Among intellectuals, there was a growing concern over the possible disappearance of the Kazakh language and culture, and so a movement was started in the late 1980s to make Kazakh the republic’s official language. Going further in their demands was the Mother Tongue Society, or Anatili Qogami, which campaigned for a return to the use of the Arabic alphabet for the Kazakh language. This campaign was echoed in the children’s journal Пионер (‘Pioneer’),published by official Communist party organs, which launched a special section to teach the Arabic script to Kazakh children, as well as reported demands that advanced study of history should include a study of the Arabic script. These demands to promote the Arabic script clearly asserted a Kazakh cultural and literary identity at the expense of Russian and demonstrated an increased sense of national consciousness. This was not a nationalist political movement, however, but rather a reaction against a perceived threat of linguistic extinction due to Soviet policies.
Gorbachev made an abrupt policy reversal in early 1989, announcing in January that ‘not even the smallest people’s language should be lost’, closely followed in February by an allusion to the establishment of new national districts and councils as abolished under Stalin. Before this, the often-repeated end goal of Soviet nationality policy was the mixing of nations to create a new Soviet people. In the shorter term, this was superseded by what Edward Allworth has summarised as three intermediary aims: ideologically and administratively classifying groups for ease of management, prohibiting the growth or expression of ethnic feeling (national consciousness), and prescribing acceptable forms of development for Soviet nationalities. In the pursuit of these aims, and eventual слияние (‘assimilation’), the USSR tried to diminish national identities and self-expression through the Russification of non-Russian republics, and also to a certain extent by encouraging (or forcing) members of one nationality to move to another republic, including young Central Asians to work in the RSFSR.
Kazakhstan became heavily Russified with successive influxes of exiled Special Settlers, prisoners, farmers who came to the steppes during Krushchev’s Virgin Lands campaign in the 1950s, and technical workers who worked in mining and the extraction of other national resources, who were officially invited and welcomed to move to the Kazakh SSR in order to fill gaps in the labour market. In addition, Kazakhstan also played host to many different nationalities, either exiled as ‘Former Nations’ during the 1930s (e.g. Volga Germans) or encouraged to come to Kazakhstan later as economic migrants to work in oil and gas (e.g. Lezgins).
However, despite their official welcome, the influx of Russians and other nationalities to the region increased ethnic tensions, especially in areas with unemployment, and non-Kazakhs were sometimes treated with hostility on the street. By 1989, Russians accounted for 38% of the population, outnumbering even the Kazakhs, the titular nation of the republic. This made the Kazakhs a minority in their own homeland and fostered ill-will among the Kazakh population. Such a situation, with two culturally and ethnically distinct communities living alongside each other, is likely to contribute to the growth of national consciousness within each group, and in certain cases in Kazakhstan, such as in the western city of Novyi Uzen’, we can see how demographic policy in conjunction with economic difficulties resulted in inter-ethnic tensions (see below). It is at that point when national consciousness develops into a political principle, possibly manifesting itself in violence, that one may certainly describe it as nationalism, and so it may be surmised that the USSR’s policy of Russification was an important contributing factor to the development of Kazakh nationalism.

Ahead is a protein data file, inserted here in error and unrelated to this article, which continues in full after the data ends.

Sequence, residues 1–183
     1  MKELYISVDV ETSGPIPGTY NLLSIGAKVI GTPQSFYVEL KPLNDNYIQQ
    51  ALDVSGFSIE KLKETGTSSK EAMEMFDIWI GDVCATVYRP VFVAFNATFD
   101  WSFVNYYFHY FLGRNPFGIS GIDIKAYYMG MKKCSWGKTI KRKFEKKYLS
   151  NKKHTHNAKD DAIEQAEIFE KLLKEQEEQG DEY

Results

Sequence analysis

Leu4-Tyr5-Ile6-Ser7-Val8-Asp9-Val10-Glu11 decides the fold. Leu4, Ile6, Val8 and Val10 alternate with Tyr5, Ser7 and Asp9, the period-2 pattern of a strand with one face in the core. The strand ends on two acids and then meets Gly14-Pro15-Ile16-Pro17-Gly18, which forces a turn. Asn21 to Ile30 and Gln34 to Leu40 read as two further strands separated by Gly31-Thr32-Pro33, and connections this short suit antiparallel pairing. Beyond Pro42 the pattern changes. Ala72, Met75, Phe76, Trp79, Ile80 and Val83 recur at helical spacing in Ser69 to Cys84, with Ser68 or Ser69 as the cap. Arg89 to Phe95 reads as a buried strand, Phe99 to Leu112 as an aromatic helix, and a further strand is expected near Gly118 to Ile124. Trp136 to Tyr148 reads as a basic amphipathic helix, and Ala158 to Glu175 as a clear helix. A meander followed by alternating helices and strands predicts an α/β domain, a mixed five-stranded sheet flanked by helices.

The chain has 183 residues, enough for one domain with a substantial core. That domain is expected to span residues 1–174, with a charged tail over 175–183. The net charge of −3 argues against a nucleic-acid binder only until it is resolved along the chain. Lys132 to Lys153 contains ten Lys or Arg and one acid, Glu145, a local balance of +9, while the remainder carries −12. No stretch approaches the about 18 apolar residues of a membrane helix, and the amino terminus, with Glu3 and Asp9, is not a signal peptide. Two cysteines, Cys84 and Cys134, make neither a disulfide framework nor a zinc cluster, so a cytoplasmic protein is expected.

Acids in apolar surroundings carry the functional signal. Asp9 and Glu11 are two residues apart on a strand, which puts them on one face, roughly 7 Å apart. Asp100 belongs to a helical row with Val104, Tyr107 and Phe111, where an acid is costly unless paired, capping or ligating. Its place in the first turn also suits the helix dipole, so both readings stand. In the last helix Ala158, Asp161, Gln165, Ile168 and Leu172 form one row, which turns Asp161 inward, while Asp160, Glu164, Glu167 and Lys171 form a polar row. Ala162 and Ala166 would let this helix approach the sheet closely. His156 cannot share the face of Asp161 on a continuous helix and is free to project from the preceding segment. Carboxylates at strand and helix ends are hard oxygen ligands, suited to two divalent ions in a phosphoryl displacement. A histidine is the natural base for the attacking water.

VIII. Indigenisation of National Elites
As part of the ongoing legacy of the indigenisation policy, which had initially been promoted in the 1920s before the increased Russification of the 1930s, over time the members of the titular nation of each republic gradually came to compose the political elite in their home republics. Although ultimately these titular elites, especially in Central Asia, pragmatically took over the baton of the campaign for national rights in order to maintain authority even after the break-up of the Soviet Union, their original assumption of power was part of a carefully thought-out central strategy to control political life in the republics. The reasoning was that, by allowing members of the titular nations to become their own republics’ political elites, all other potential national political actors could be banned and silenced.
As enumerated by political scientist Philip G. Roeder, the three strands to this policy of controlling the national elite in each republic were: first, to create ‘an indigenous cadre assigned a monopoly over the mobilisational resources of the community;’ second, to create the necessary incentives to dissuade this elite from pursuing unsanctioned programmes; and third, to assign to this cadre ‘the responsibility for creating an ethnically distinct stratification system within official institutions and for impeding the emergence of alternative ethnic entrepreneurs outside these institutions.'
In order to keep closer control over the titular-nationality elites, Moscow followed a policy of putting a Russian behind every titular-nationality leader: where there was (for example) a Kazakh first secretary, there would be a Russian second secretary, and where there was a Kazakh minister there would be a Russian vice-minister. In this way, those in the republics were able to think that they were being ruled, at least to a certain extent, by members of their own nationality, while Moscow was able to keep a tight hold on power. This gradual handing-over of power to the titular nations in the republics meant that the indigenous population came to expect the republican elite to be composed of members of their own nationality, and certainly that the first secretary of a republic should be ‘one of them.’